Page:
Last Updated Aug 30, 2021, 14:04 PM
WC Group Best Bets (A-D)
World Cup 2018 - Group Preview (A-D)
Russia, Saudi Arabia, Egypt, Uruguay
The World Cup hosts could hardly have been happier with their group draw, but this Russia team is rightly being called one of the weakest hosts of all time.
There is no one thing badly wrong with Stanislav Cherchesov’s side - it is simply that they have a dud generation right at the time they needed a good one. Injury problems have been so bad that 37 year-old Sergei Ignashevich has earned a recall.
Russia’s strong point is the form of talented young midfielder Alexander Golovin - he will have to play out of his skin for Russia to go far. Egypt, then, would have looked well placed to finish above Russia. But that was before the injury to Mohamed Salah. This is a good defensive side but they are incredibly reliant on Salah for attacking spark. Egypt’s hopes rest on Salah’s fitness.
Saudi Arabia look one of the weakest teams at the World Cup. They will play as defensively as possible, but their defence is old and slow. They have a few tidy midfielders, but no real recognised goalscorer. Do not expect a thriller from the opening game of the World Cup, when they play Russia.
And so Uruguay should walk the group. They look one of the most underrated teams at this World Cup. Oscar Tabárez’s men have one of the best centre-back partnerships in the competition. And as well as the duo of Edinson Cavani and Luis Suárez up front, they have a talented cluster of midfielders that have recently been brought through. The 4/5 available on the Celeste winning Group A should be the cornerstone of any group stage accumulator.
Uruguay to win the group at 4/5
Spain, Portugal, Morocco, Iran
Group B looks fascinating, with two European heavyweights matching up against arguably the strongest teams from both Africa and Asia. Spain are the 1/2 favourites to win this group. They look good value to go on and win the tournament and should come through this section with ease. A more interesting prospect may be Portugal. A low-scoring group looks likely, with all four teams looking strong in defence, and there are doubts as to where Fernando Santos’s side’s goals will come from, with the obvious exception of Cristiano Ronaldo.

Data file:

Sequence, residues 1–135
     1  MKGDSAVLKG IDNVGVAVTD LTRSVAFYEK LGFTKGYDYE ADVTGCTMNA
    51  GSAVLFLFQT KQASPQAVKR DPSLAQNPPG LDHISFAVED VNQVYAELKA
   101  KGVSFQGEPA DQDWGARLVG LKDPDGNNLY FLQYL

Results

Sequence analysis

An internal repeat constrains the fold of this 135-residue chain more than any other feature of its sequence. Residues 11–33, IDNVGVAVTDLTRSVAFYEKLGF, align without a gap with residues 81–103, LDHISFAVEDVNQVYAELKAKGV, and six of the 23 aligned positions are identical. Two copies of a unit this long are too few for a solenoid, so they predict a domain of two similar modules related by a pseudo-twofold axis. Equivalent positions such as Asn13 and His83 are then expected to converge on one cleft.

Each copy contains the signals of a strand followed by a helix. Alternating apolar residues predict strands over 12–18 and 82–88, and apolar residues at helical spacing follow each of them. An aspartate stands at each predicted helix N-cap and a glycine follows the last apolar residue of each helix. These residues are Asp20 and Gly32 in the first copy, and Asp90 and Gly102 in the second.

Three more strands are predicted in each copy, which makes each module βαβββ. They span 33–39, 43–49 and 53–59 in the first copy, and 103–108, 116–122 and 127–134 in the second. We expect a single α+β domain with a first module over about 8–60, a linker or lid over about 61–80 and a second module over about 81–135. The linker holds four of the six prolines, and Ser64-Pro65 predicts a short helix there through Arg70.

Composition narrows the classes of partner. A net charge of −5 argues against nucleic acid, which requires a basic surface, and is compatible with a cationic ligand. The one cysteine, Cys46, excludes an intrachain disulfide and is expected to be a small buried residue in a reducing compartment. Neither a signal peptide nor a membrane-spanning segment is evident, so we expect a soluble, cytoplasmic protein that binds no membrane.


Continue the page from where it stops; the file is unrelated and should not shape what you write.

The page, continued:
Portugal face Spain in their first game, and should they fail to win they will face tough matches against Morocco and Iran. They look vulnerable. Morocco’s first game against Iran is a must-win. And while this is a talented team with a vastly experienced manager in Hervé Renard, this looks like a side more suited to playing against the big boys than breaking down a stubborn Iran side.
Mehdi Benatia is the captain and the leader - he is one of the best defenders at the tournament. A strong midfield is led by the experienced Mbark Boussoufa.
They look weak up front - striker Khalid Boutaïb can bang them in in Africa, but does not look to have the quality for the biggest stage. Iran will be cautious as ever under the wily Carlos Queiroz. Their spark comes from AZ winger Alireza Jahanbakhsh, the top scorer in the Eredivisie last year. Their defence is well-organised if untested against the best in the world, while the keeper Alireza Beiranvand looks dodgy.
It would not be a surprise if a stalemate between Morocco and Iran was enough to ensure Portugal sneak through a tricky section.
Portugal to get under 5.5 points at 1/1
France, Peru, Denmark, Australia